The Cambridge History of English and American Literature in 18 Volumes (1907–21).
Volume XIII. The Victorian Age, Part One.
§ 1. Early life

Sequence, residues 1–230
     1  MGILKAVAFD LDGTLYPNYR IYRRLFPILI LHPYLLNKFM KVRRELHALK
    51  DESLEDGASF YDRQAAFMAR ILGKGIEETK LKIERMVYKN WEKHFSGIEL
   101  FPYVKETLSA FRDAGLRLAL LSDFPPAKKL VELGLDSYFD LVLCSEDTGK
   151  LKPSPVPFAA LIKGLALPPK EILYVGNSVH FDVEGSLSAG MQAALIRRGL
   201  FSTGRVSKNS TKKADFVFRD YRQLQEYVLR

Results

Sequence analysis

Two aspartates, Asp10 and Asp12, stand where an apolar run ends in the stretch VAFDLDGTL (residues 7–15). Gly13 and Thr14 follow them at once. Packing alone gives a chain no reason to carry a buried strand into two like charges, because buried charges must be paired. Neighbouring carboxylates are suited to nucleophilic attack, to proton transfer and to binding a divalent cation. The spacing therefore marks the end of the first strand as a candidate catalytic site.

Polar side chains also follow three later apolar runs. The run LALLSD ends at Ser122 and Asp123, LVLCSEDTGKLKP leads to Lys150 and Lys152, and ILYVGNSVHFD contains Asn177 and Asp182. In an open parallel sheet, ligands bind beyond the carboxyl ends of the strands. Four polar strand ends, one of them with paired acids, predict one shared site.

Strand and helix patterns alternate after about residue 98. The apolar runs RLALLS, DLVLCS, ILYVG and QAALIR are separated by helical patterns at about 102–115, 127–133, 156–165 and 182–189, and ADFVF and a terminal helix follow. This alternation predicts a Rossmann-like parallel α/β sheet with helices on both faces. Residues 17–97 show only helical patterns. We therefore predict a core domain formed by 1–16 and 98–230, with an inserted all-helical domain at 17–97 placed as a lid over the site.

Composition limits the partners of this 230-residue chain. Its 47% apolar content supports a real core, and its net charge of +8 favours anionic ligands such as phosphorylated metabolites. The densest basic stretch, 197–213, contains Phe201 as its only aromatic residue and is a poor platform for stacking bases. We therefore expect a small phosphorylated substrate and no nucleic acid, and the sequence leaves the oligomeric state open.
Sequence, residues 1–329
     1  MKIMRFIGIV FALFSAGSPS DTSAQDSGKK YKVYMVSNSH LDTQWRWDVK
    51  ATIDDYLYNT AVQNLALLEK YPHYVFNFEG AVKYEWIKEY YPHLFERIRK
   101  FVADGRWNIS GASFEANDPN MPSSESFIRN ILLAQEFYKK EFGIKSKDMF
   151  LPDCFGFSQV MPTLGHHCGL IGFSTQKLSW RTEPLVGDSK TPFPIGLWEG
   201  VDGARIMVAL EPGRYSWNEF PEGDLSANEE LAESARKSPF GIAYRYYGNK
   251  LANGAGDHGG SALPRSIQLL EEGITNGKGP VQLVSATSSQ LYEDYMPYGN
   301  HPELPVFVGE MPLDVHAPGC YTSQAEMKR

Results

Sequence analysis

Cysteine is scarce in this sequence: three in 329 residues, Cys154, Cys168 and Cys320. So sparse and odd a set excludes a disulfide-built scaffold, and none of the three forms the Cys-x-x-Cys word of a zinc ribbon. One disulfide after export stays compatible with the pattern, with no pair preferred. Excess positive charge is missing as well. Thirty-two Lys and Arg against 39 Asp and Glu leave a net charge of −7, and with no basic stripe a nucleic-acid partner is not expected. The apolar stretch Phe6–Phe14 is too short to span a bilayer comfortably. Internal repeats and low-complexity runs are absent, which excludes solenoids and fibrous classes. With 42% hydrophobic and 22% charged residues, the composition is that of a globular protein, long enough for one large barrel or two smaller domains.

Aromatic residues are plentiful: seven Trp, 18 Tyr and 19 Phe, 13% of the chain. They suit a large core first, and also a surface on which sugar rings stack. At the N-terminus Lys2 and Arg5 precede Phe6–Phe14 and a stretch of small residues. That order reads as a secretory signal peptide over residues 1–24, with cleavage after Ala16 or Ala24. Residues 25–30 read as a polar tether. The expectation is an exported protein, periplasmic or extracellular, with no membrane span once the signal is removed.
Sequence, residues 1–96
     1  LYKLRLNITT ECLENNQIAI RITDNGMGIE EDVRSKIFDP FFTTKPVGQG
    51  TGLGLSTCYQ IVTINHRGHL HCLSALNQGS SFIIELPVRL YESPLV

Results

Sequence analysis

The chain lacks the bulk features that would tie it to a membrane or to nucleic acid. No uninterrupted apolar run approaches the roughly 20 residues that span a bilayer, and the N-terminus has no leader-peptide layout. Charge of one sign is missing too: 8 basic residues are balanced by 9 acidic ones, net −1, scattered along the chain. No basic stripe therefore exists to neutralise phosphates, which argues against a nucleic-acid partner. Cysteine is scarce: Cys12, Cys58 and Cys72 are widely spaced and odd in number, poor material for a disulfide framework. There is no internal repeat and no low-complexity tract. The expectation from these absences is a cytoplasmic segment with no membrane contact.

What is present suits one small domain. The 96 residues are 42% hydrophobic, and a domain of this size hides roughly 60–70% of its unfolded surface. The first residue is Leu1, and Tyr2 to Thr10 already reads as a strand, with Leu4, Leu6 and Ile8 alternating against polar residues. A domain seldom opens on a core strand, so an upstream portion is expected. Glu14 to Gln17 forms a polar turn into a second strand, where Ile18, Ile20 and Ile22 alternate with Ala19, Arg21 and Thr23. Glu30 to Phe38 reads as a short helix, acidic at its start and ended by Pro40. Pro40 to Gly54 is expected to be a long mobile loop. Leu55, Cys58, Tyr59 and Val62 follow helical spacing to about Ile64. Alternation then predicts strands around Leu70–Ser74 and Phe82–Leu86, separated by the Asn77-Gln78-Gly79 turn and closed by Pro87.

It may be said, perhaps, that Dickens’s popularity has not yet had time, as Shakespeare’s has, to vindicate itself by the test of long continuance and some vicissitudes. More than a century has, indeed, elapsed since his birth and nearly half a century since his death: but instances could be produced of reputations which, after towering for at least as long, have dropped to a much lower level, if they have not fallen altogether. Complaints, undoubtedly, are, sometimes, made that his atmosphere is becoming difficult to breathe; and, though the lungs which feel this difficulty are probably rather weak, their complaint must be registered. But, in regard to the other point, there is no possibility of rational and well-informed doubt. It is probably safe to say (here making no exception at all and giving him no companions) that no author in our literary history has been both admired and enjoyed for such different reasons; by such different tastes and intellects; by whole classes of readers unlike each other. He is “made one with Nature,” not, indeed, by a Shakespearean universality—for there are wide, numerous and, sometimes, unfortunate gaps in his appeal—but by the great range and diversity of that appeal. The uncritical lover of the sentimental and the melodramatic; the frank devotee of mere “fun”; the people who simply desire to pass their time by witnessing a lively and interesting set of scenes and figures; the respectable yearners for social and political reform; the not quite so respectable seekers after scandal and satire on the upper and wealthier and more accomplished classes: these and a dozen or a hundred other types all fly to Dickens as to a magnet. And—what is most remarkable of all and most unparalleled in other cases—the very critics who find it their duty to object to his faults most strongly, who think his sentiment too often worse than mawkish, and his melodrama not seldom more than ridiculous; who rank his characters too close to “character parts,” in the lower theatrical sense; who consider his style too often tawdry; his satire strained, yet falling short or wide of its object; his politics unpractical and, sometimes, positively mischievous; his plots either non-existent or tediously complicated for no real purpose; who fully admit the quaint unreality of his realism and the strange “some-other-worldliness” of much of his atmosphere—these very persons, not unfrequently, read him for choice again and again. In fact, neither the uncritical nor the critical lover of Dickens ever tires of him, as both often do of some writers whom they have admired. Some of his books will, of course, in different cases, be read oftener than others; but, generally, the Dickens quality, mixed and diverse as it is, never loses its attraction for anyone who has once felt it. The road to Eatanswill is never hard or hackneyed; the company of Mrs. Gamp never ceases to be as delightful in fiction as it would be disgusting (especially supposing her to be on duty) in real life.